The&Partnership Apologizes After Sexist 'Top 5' Email Goes Public

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Sarah Golding, CEO at The&Partnership, which apologized after a departing employee's email, which he described as a joke, ranked women at the agency by their looks.
Sarah Golding, CEO at The&Partnership, which apologized after a departing employee's email, which he described as a joke, ranked women at the agency by their looks. Credit: The&Partnership

An email sent by a staffer at London agency The&Partnership, ranking women at the agency as "Top 5" in terms of attractiveness, is causing a storm in the U.K. advertising world.

Although the email was apparently sent as a "joke," it has made public the fact that such "Top 5" emails were, at least until recently, common practice in U.K. agency culture.

Paul Martin, a departing planner at The&Partnership, sent the email Friday, including wording that ranked women at the agency as "Top 5" and "Bottom 5" in terms of looks.

By Saturday, the email was being referred to on the Diet Madison Avenue Instagram account, with people commenting anonymously that the "Top 5" email custom had been common in U.K. agencies and also in Australia.

According to one London advertising source, the "Top 5" email was standard practice in many of the major U.K. ad agencies until a few years ago, before it was banned by legal departments. An exit email and "the last email you ever sent," it was used to rank not just female (or male) employees in terms of attractiveness, but "expenses claims, ridiculous client demands" and more, says the source.

Martin apologized on Twitter on Saturday, on the direct instruction of The&Partnership CEO Sarah Golding according to a tweet by The&Partnership founder Johnny Hornby.

In his apology, Martin says: "Sending these emails has become common practice at many ad agencies and in sending that email yesterday, I have contributed to that culture of toxic masculinity."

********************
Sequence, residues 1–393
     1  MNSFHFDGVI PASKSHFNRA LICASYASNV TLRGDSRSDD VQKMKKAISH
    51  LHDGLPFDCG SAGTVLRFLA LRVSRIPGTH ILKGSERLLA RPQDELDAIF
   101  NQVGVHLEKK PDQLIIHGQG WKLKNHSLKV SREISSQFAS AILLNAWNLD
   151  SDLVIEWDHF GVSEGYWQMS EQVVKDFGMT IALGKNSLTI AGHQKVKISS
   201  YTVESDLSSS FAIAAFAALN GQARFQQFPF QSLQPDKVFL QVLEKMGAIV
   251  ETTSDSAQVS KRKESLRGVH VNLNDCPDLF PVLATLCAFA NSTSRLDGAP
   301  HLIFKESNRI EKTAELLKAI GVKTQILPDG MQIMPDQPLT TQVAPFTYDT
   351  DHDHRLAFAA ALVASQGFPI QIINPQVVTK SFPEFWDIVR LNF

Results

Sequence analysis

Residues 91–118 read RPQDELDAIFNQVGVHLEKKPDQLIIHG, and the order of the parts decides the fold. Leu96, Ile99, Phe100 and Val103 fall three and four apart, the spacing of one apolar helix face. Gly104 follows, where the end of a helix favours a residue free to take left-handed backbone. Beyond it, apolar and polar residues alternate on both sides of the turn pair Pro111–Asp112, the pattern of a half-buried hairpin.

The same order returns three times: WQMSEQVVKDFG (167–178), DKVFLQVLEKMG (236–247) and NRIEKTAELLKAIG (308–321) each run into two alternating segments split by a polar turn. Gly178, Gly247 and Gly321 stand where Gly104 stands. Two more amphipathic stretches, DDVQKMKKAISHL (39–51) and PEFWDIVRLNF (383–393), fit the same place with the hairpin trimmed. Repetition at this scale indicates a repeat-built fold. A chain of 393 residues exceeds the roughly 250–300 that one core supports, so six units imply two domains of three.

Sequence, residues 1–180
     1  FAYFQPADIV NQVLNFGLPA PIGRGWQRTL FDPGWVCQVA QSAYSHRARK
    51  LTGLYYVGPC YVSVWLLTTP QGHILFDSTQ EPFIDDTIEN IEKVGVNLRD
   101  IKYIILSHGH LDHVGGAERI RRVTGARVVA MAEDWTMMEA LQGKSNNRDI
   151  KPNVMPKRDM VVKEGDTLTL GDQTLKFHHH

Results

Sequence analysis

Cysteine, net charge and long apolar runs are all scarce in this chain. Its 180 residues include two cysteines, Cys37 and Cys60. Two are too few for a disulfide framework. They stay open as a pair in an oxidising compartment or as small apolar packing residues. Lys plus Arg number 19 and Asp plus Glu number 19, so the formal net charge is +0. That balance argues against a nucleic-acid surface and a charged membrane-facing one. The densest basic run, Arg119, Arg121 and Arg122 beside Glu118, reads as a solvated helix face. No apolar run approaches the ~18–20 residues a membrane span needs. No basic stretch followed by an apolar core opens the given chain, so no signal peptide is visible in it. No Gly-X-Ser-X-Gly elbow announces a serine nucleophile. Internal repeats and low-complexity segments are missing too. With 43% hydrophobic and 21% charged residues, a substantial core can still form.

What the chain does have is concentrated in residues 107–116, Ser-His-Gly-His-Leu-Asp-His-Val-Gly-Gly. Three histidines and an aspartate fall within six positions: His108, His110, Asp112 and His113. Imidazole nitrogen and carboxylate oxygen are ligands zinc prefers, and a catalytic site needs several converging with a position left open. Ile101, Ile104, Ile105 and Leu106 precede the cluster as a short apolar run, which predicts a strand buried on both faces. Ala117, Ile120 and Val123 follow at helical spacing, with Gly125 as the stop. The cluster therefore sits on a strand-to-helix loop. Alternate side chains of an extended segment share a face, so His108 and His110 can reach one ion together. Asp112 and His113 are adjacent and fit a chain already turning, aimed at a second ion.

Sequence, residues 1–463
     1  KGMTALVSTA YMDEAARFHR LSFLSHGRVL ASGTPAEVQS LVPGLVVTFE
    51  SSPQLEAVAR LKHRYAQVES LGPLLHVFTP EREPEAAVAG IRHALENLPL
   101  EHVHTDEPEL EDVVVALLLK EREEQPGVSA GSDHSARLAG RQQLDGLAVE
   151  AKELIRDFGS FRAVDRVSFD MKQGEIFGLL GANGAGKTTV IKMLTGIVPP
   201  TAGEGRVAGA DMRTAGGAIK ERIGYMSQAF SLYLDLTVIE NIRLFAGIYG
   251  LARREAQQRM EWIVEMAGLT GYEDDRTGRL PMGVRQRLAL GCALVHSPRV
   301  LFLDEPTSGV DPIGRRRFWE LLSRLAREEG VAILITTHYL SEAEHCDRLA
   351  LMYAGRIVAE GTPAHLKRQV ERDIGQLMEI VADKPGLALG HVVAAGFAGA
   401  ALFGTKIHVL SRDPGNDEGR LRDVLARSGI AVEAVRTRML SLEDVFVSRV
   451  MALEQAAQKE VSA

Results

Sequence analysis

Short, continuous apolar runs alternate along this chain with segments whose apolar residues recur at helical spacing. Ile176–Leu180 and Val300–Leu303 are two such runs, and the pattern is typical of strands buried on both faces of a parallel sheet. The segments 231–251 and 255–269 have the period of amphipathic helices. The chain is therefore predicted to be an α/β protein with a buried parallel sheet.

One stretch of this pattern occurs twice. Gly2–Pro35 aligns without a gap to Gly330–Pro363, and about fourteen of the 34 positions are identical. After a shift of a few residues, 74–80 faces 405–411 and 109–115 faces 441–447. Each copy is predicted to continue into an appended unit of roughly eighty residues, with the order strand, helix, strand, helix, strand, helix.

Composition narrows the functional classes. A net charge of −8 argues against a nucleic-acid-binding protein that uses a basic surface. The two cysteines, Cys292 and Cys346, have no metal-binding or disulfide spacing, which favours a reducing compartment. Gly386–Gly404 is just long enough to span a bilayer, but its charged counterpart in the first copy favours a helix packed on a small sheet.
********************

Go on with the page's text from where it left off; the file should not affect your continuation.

"All the women mentioned in it are friends and people I very genuinely love and respect. After checking with them that they were happy to be mentioned in the email (as part of what I erroneously considered at the time a 'joke') I thought that was enough to validate me pressing send. It wasn't and should never have been."

"The email was meant to be a stupid, ironic attempt to subvert and mock the sexist "Top 5" emails that have been sent around agencies for many years, but I have totally missed the mark and take full responsibility."

Martin, who has worked for The&Partnership for two years and previously worked at Fallon London, added that he had contributed to the TimesUp legal defense fund as part of his apology.

The&Partnership London meanwhile tweeted: "We do not condone sexism of any kind at The&Partnership LDN. We've apologised to our staff and others for any offence this email has caused, and have taken action to make it clear to all employees that we will not tolerate emails of this kind being sent in future, by men or women."

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